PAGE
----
While I used to read a lot more I still indulge in books out of my comfort zone. Why not?

    • Lesley – Your parents did you a great favour, in my opinion, by exposing you to all kinds of books. You learned more about how to think critically and look at the world in different ways because of that. And you developed a reading habit. You may not read as much now, but it’s still a part of your life. And that, to me, is a very good thing.

  4. I always claim that I don’t read romance. Which leaves the question of why I love Georgette Heyer so much…

    I do like to stretch my reading habits on a fairly regular basis. It might mean the occasional disappointment, but it can also result in finding an unexpected treat.

    • FictionFan – I’ve found that too. Every once in a while, you do find a gem. And it’s funny; I don’t think of myself as a romance reader either. And yet, I’ve read several novels that people would definitely think of as romance that I’ve liked very, very much. Interesting how our reading habits aren’t at all what we may think they are.

  5. I find it’s something of a balancing act this trying new/out of my comfort zone authors…from it has come some of my new favourite authors (Ken Bruen, Christopher Brookmyre) but also there are utter disasters (e.g. my new worst-book-ever-read which I read earlier this year). But I will keep doing it – even the bad stuff has a purpose (I think my review of aforementioned worst-book-ever was one of the best I’ve written – it really did make me think about what was so bad).

    • Bernadette – The process of ‘stretching’ can definitely be uneven. I remember a few years ago I read a book that I am still trying desperately to forget. I’m glad I tried something new, but…. As you say though, there are real finds out there, and one never knows until one tries. I’m glad you’ve mentioned Ken Bruen actually. I’ve been meaning to spotlight one of his books, and your comment gives me just the kick in the pants I need to do it.

  6. Margot: I did not realize some of the opportunities I was missing in the reading world until I participated in the memes on Kerrie Smith’s website, Mysteries in Paradise. To complete the memes I needed to search out new authors and books.

    For this year’s letter “Z” in the Crime Fiction Alphabet I am reading a book by R.D. Zimmerman with a gay sleuth, Todd Mills, and featuring a transgendered character. I would not have read the book but for the meme.

    Two years ago in the Crime Fiction on a Europass meme I needed an author from the Czech Republic. It took me some time but I found The Miracle Game by Joseph Skvorecky set during the Communist years of the 1940’s through the 1960’s. It was a fascinating book that set out the Communist efforts to control Czech culture. Books translated from English would have scenes altered or deleted if they did not accord with Soviet norms of the class struggle.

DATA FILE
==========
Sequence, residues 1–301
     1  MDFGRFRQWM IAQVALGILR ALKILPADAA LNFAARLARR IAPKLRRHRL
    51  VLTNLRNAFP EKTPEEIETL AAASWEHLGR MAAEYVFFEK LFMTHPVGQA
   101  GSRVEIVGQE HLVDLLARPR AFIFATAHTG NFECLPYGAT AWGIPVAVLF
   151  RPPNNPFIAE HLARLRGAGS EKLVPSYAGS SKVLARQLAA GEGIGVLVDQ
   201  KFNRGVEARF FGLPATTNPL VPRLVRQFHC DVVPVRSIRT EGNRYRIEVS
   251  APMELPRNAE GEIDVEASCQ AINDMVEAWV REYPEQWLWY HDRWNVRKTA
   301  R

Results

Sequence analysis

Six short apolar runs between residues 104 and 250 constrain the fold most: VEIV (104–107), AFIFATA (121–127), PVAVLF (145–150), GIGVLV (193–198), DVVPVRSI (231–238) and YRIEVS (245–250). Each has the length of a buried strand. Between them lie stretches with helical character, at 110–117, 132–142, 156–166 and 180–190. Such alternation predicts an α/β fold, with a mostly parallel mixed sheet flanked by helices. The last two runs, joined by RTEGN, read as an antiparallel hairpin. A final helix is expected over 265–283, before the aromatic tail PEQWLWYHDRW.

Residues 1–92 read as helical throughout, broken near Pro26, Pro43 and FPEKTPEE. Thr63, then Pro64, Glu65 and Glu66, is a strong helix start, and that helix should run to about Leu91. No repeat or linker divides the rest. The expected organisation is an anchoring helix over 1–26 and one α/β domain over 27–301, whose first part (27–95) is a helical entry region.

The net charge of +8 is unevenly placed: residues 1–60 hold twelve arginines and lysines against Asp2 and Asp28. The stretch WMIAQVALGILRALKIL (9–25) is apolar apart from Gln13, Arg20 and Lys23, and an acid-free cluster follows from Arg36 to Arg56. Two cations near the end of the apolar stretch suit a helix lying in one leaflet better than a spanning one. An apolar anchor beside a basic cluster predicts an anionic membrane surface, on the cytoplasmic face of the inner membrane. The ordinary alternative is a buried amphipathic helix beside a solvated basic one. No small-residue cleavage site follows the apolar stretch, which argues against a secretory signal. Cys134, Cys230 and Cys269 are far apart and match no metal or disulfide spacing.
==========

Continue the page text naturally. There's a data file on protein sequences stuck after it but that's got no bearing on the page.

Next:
On the other aspect of your post on banned books Skvorecky and his wife through their company, 68 Publishers in Toronto, published Czech and Slovak books banned in their homeland.

    An what Western World reader is not humbled by the stories of the samizdat, hand copied books, carefully circulated in the U.S.S.R.?

    • Bill – You’re absolutely right. What people went through to get and distribute books in the U.S.S.R. is nothing short of heroic. And it’s wonderful to hear that Skoverecky did so much to ensure that Czech and Slovak writers would have their voices heard. To me, that’s truly praiseworthy.
      You make a strong point too about participating in memes. Actually, I’ve found that being a part of the online crime fiction community has, among many, many other good things, given me a whole host of new authors and books and styles to try. I am grateful for the education I’ve gotten and still get.

  7. kathy d.

    Book banning in the States is the only censorship of books with which I’m familiar. It hasn’t affected my reading, as I’ve always been able to access whatever books I’ve wanted to read.
    When I look at the list of books that have been banned, I see not only favorites of mine, but books that helped to shape my thinking and outlook towards life, like those by John Steinbeck, Alice Walker, Toni Morrisson, to name a few writing giants.
    It’s such a loss for children and adults to be deprived of books that make one think and grapple with the world. How about adults, parents, teachers, librarians discussing books with children and young people, instead of banning them?